Impending Monroe prison closure leaves inmates, families reeling over the future
Christopher Blackwell heard about closures happening at the Monroe Correctional Complex in May. It wasn’t the first time he'd heard talk of the Washington State Reformatory Unit, the original prison of the complex, closing. But this time it seemed serious, Blackwell, an incarcerated journalist, said.
He could tell it was serious by the disgruntled corrections officers he overheard, who he said felt unheard, upset over the closure decision. They spoke of looking for work elsewhere. By mid-August, the rumors proved to be true.
Washington State Department of Corrections Secretary Cheryl Strange wrote in memos to corrections’ staff that prison consolidations would happen around the state, a move primed by a decreasing number of prisoners and $80 million in cuts made to the Washington State Department of Corrections’ budget over the next two years.
On Aug. 12, Strange wrote to staff that the department planned to close all four units of the Reformatory unit at Monroe, resulting in the closure of 830 beds.
“We understand the impacts these decisions create and worked hard to ensure the least impact possible to the daily lives of those who work for the department and those in our care and custody,” Strange wrote.
The reductions at the Reformatory would be “warm closures,” meaning no one would remain in the units and they wouldn’t be staffed, but utilities would continue and it could be reopened later, according to the DOC website.
KUOW spoke with incarcerated people, as well as their families and advocates, who shared a diverse outlook on the closures. While some cheered the reductions as a step toward what they called a much needed prison system overhaul, others worried over where their loved ones would be relocated and if they’d have access to the same programming.
These programs include University Beyond Bars, a nonprofit that offers educational classes to more than 300 students each quarter, and provides a path for incarcerated people to obtain associate and bachelor’s degrees. It’s a program that Blackwell, who became a journalist while incarcerated, said he benefited from.
“I dropped out of school in the ninth grade,” Blackwell said. “Without that program, I would have never ended up becoming a writer and journalist myself.” Since then, he has been able to educate the public about the issues experienced by prisoners through his bylines in publications including The Washington Post and The Marshall Project, he said.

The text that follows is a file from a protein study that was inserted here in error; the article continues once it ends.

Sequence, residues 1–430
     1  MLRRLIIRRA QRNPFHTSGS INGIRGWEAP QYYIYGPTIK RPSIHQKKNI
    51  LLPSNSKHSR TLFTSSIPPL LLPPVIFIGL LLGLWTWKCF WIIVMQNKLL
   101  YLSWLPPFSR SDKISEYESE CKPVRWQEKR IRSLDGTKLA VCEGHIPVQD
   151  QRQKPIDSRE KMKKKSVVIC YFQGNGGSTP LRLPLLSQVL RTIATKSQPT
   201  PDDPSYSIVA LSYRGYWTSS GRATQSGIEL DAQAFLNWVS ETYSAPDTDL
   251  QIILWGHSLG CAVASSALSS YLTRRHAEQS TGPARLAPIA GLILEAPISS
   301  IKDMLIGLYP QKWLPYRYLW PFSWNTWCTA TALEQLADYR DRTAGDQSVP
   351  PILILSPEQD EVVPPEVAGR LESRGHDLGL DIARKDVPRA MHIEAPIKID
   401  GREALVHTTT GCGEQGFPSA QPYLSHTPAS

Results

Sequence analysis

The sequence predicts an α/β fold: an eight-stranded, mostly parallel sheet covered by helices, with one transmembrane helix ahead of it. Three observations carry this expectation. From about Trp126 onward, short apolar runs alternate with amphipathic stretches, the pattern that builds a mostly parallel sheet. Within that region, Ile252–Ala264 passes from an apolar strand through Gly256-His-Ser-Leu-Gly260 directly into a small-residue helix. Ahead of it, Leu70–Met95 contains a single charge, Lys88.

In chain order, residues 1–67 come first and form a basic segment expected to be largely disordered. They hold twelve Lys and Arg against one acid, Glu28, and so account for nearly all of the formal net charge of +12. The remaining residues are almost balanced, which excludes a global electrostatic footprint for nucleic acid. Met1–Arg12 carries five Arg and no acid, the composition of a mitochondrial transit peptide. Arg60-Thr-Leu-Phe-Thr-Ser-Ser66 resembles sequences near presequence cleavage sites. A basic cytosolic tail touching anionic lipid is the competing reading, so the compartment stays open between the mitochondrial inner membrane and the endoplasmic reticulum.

“That kind of program is so valuable to change in dealing with incarceration and how it looks,” Blackwell said. “To lose something like that is heart-wrenching.”
Blackwell said he’s heard a similar mixed response at Monroe. Some viewed the closed prison as a step toward prison reform — that the cost of maintaining and staffing the location could be redirected to reentry efforts. Others felt the closures at Monroe would impact programming founded at the prison years ago.
“I know they’re not closing it for the right reasons, and I know what will be taken away far exceeds the utopian thought that we closed the prison,” Blackwell said. “The programs there took decades to build and what was built ... isn’t an overnight thing.”
DOC spokesperson Rachel Ericson said that the corrections department is “working toward solutions” to maintain incarcerated people’s access to education, treatment, cultural and religious practices, as well as other programming, and they’re working to lessen the impacts of closures.
“It is important to know that a key focus for the department is understanding the possible impacts on incarcerated individuals and the programming they are taking to better themselves and their eventual reentry into the community,” Ericson wrote in an email.
She wrote that every facility has programming opportunities for prisoners, and that Monroe is not the exception.
Vincent Sherrill, an incarcerated person who goes by “Tank,” said he supports the abolition of prisons and is not opposed to closures. However, he said the Reformatory unit at Monroe should not have “been the first target.”
“Other prisons in Washington state have a bad reputation as far as treatment of prisoners and investment in reentry rehabilitation,” he said. “I’d rather see those prisons closed instead of Monroe, which has a reputation of prisoner empowerment. These programs exist at Monroe, led by prisoners and with support of outside community folks.”
Sherrill said some of the programming is being replicated at other prisons — particularly the Black Prisoners Caucus, which has its roots at the Washington State Reformatory and first began as Black Culture Workshops in 1969. The organization works to provide support for Black prisoners, promote cultural growth, and provide tools to incarcerated men and women, according to their website.